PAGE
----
12. I upgraded the Fuel station's Power and Cooling module. 2 reason for this 1. I had no major method of power production during the night cycle and thus had to stop production while in the shade. 2. This: Thats my entire station running in excess of 500K, with the radiators saturated in their output. I got tired of coming back to the thing only to find the heat had freaked again and turned the whole smash into a sauna. Solution: Moar radiators. Like, an unholy crapton more, plus heat exchangers on top of that (I think the exchangers come from the Radiator pack that is supposed to accompany NF-Electrics). In addition to the original 10MW core heat capacity of the 8 XR-1250 Radiators, I added 8 DF-8K Graphene radiators, adding another 64MW of core heat rejection capacity and something like 1.5GW (Thats Gigawatts) of total heat rejection capacity to the station. The heat exchangers will (hopefully) help draw heat away from the rest of the station and into the monstrously huge radiators, allowing thermal pulses to be shed faster. Both the XR-1250s and the DF-8Ks are directly attached to a heat exchanger in pairs. Each heat exchanger also has surface mount radiator panels attached to deal with smaller heat pulses that take too long for the big and hueg panels to get to work on. All in all it comes out to almost 80MW core heat rejection and ~1.7GW total heat rejection. Overkill? Yes. Do I care? Nah. As for power, I stripped most of the solar arrays off the design, leaving 4 for standby and light power generation. The batteries were also removed, as both the local power storage and bulk power generation has been taken over by a 2000EC/s nuclear reactor. This solved multiple problems, including night side power generation and not having enough power to run the entire station at full bore. As a nice little bonus, I managed to trim 20 parts off the total count, because this thing is a laggy monster and every little bit helps.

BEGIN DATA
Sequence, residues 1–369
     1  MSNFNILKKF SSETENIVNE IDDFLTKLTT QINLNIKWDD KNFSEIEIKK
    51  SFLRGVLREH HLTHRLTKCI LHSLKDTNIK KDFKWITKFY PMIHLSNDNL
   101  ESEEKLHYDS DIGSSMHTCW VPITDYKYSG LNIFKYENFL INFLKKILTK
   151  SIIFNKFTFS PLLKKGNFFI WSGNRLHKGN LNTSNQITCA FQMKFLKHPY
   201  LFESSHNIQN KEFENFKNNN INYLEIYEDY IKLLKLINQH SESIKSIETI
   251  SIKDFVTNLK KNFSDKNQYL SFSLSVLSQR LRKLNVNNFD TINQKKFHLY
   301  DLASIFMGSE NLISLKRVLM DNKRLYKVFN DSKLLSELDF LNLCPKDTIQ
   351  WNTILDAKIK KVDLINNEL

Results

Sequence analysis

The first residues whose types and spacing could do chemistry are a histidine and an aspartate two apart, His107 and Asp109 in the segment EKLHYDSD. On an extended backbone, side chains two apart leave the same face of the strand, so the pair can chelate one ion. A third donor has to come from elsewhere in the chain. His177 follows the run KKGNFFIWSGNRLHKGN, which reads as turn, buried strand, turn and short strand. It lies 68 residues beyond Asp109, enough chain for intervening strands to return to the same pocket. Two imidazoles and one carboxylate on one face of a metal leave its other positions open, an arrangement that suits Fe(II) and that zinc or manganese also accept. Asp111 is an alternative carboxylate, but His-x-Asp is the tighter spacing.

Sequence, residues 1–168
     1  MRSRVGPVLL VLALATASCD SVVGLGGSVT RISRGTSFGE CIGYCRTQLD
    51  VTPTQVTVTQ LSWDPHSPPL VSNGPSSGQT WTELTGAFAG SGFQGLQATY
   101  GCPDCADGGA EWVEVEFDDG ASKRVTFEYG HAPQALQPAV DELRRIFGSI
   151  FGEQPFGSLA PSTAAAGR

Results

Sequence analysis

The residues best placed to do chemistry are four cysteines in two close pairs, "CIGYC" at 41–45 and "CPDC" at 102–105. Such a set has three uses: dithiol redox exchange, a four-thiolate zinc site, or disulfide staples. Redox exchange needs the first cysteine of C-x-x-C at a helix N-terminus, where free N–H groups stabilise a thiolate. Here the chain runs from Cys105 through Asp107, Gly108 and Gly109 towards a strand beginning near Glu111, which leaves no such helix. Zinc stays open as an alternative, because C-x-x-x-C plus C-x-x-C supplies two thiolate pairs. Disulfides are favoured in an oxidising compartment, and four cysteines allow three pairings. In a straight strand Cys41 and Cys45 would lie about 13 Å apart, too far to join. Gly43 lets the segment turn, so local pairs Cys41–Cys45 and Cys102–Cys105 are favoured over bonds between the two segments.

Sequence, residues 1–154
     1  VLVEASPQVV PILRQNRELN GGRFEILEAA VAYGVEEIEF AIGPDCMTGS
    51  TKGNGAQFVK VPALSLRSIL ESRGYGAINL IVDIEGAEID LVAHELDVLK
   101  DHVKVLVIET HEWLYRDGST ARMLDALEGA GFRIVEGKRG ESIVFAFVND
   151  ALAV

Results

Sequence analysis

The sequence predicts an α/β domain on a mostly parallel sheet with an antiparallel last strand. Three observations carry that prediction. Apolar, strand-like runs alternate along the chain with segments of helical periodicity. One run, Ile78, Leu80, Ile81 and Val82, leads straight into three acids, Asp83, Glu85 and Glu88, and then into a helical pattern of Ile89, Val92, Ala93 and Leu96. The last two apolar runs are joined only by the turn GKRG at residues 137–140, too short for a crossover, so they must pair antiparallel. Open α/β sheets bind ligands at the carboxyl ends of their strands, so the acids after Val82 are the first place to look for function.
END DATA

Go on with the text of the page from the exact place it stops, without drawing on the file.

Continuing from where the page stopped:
13. Today in KSP I learned that the heat system can be quirky if I leave everything on while I'm away from the target vessel. 147.8 Megawatts of heat outflow, and they were saturated for a good couple of minutes before temperatures base-wide began to drop. So, no more leaving the drills, ISRUs, and reactor online while I'm away. Things tend to get toasty as a result. Oh, and if anyone knows what this Z-fighting bug is and how to fix it (only kicks in if I've been switching back and forth between vessels and generally moving about. If I start the game and go straight to the target, it's unnoticeable/barely there.), I'd be quite grateful.
  14. First flight of the ore hauler! A 3.75m class Kontainer (10,800 ore), 4x Quad-Round Kontainer tanks for propellant, and an RE-I5 Skipper as the engine due to the enormous Munar launch mass of almost 200 tons. Empty of cargo this thing could probably make it to Jool and back, but fully loaded theres about 1100m/s Delta V to play with. Oddly enough, refueling is done on the ground, as once I've offloaded to the station, there's more than enough fuel to get back down on the ground without having to do on-orbit processing. Not my best design IMO, I miss my Novapunch engines.